Good overview of positive developments in Iraq: The Real Iraq
Saturday, May 20, 2006
CNN: Iraq's first permanent government since the fall of Saddam Hussein was approved by parliament and sworn in on Saturday, despite the failure to fill two key ministry posts because of political disputes. "The main problem now is security, and they could not appoint defense and interior [ministers]," said prominent Sunni Muslim politician Saleh al-Mutlag, who walked out of the proceedings. "This session is illegal," al-Mutlag said. "They added seven ministries without getting approval." Al-Mutlag said he and others had asked the government to wait longer to try to fill the critical posts. Prime Minister-designate Nuri al-Maliki said he would temporarily run the Interior Ministry, and he made a temporary appointment to the Defense Ministry -- Salam al-Zobaie, a Sunni politician who also had been designated as a deputy prime minister. There are 37 Cabinet posts in all and parliamentary terms last four years. [...]
BBC News (largely repeating earlier update): Iraq's PM-designate Nouri Maliki says the make-up of the cabinet has been finalised but the posts of interior and defence minister will be filled later. Mr Maliki will present the cabinet for approval by parliament on Saturday. Shias, Sunni Arabs and Kurds have been in dispute over the make-up of the unity government since elections in December, causing a power vacuum. US and Iraqi officials have said the unity government is the country's best chance avoiding a full sectarian war. The Shia-led United Iraqi Alliance won most seats in parliament in Iraq's first full elections, held last December. [...]
Friday, May 19, 2006
AP: The incoming Iraqi prime minister said Friday he had failed to reach a deal with coalition partners on naming defense or interior ministers, but he still would inaugurate his Cabinet on Saturday.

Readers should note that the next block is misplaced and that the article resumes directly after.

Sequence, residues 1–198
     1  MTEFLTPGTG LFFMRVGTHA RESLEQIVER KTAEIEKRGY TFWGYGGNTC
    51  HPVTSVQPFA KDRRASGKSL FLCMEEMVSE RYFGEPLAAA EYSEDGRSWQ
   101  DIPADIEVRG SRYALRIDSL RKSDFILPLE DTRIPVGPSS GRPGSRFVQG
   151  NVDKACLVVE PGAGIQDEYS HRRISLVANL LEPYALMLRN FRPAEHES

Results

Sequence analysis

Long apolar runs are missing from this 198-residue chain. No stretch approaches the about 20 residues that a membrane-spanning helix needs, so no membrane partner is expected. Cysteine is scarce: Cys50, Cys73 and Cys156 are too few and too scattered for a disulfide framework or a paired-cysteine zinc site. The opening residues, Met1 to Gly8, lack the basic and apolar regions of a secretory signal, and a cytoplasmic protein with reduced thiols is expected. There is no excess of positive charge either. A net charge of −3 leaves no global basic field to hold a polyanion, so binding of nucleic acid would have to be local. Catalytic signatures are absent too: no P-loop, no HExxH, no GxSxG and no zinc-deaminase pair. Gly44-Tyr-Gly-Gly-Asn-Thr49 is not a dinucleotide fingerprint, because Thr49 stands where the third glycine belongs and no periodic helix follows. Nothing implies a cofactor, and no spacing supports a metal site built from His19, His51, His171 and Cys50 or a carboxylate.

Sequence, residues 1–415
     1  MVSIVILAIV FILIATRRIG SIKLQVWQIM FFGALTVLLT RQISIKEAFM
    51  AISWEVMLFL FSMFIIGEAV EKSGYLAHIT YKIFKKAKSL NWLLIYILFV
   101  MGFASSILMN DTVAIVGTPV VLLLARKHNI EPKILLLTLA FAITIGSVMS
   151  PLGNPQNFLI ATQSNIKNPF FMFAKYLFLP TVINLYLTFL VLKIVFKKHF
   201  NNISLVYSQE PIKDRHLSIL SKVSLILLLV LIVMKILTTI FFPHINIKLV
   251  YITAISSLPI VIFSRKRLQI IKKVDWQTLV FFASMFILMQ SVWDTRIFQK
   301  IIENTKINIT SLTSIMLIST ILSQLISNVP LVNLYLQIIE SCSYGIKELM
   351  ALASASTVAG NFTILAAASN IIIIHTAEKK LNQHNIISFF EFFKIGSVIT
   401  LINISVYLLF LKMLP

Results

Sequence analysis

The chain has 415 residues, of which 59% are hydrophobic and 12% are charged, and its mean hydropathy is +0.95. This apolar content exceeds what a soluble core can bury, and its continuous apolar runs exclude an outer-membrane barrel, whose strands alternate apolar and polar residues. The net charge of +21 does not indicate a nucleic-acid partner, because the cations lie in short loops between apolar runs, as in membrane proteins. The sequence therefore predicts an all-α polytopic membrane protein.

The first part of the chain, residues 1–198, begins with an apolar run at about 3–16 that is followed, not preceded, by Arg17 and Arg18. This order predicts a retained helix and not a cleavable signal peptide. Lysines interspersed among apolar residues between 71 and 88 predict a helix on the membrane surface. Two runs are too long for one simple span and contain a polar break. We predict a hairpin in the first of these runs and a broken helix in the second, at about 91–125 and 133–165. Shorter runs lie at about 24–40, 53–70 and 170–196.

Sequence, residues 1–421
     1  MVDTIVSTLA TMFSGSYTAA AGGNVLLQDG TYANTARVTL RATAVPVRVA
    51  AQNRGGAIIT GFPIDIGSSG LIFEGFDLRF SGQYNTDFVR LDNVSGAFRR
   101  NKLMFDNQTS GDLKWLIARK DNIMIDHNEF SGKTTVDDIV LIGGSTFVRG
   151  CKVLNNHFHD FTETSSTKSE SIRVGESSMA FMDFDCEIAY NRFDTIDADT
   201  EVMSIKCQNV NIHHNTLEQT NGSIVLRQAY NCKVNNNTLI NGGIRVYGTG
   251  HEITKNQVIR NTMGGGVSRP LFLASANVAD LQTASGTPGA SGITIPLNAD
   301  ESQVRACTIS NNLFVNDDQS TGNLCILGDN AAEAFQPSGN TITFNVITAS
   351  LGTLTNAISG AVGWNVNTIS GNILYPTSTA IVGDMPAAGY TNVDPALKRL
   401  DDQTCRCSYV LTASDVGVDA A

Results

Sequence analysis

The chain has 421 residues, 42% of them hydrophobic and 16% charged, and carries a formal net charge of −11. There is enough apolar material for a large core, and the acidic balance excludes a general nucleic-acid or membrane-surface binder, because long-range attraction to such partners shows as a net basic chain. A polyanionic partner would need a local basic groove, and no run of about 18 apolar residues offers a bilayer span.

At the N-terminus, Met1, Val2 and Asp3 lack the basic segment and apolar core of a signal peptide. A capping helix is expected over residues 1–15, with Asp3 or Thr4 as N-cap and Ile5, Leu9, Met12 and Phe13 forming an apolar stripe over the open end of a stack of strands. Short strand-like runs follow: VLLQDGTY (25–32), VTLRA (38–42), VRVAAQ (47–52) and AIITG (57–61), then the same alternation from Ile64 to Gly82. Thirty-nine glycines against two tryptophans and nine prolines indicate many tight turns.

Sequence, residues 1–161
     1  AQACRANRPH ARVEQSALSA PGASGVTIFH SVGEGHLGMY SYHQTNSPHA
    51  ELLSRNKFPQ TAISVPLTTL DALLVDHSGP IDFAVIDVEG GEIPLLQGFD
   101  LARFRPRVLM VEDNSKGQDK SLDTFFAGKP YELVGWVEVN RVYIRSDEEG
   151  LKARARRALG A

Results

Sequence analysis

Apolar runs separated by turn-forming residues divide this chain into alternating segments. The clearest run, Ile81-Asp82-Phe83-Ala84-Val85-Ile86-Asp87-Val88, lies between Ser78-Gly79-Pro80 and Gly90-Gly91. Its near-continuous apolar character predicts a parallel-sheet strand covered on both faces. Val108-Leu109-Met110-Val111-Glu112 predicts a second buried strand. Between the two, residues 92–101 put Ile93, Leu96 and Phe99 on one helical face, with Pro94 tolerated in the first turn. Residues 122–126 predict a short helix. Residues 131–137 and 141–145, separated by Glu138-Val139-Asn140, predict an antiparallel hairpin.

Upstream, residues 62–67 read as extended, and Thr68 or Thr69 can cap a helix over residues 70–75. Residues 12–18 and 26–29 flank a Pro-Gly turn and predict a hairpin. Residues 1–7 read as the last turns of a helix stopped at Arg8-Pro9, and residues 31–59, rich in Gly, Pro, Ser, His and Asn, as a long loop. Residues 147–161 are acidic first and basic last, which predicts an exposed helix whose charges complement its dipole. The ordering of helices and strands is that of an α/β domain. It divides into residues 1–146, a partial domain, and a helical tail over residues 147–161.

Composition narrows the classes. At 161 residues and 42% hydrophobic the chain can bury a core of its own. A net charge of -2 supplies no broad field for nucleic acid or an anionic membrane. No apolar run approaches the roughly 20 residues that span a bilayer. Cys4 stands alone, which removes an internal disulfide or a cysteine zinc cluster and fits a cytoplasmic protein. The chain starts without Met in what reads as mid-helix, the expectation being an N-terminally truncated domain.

Nouri al-Maliki said after meeting with officials of other political coalitions and parties that a decision had been made on the rest of the Cabinet "except for defense and interior ministries," and he would present it Saturday for approval to the 275-member parliament — known as the council of representatives. "Both will be acting (temporary) ministers until we will choose the best ministers for those posts," he said.
On Saturday, legislators plan to swear in a new prime minister and Cabinet, completing a democratic transition that began in December with the election of its parliament. A main goal of the new government will be to restore security in Iraq, where sectarian violence and attacks by insurgents and militias have killed many people and led thousands of Iraqi families to flee their homes. The Bush administration hopes that full-scale democracy can unite Iraq's complex mix of Shiites, Sunni Arabs and Kurds, reduce public support for insurgent groups and militias, and make it possible to begin withdrawing U.S. troops sometime this year. In a speech in Baghdad on Thursday night, U.S. Ambassador Zalmay Khalilzad praised Iraq's outgoing prime minister, Ibrahim al-Jaafari, and said the inauguration will be a "historic step in Iraq's transition from dictatorship to democracy."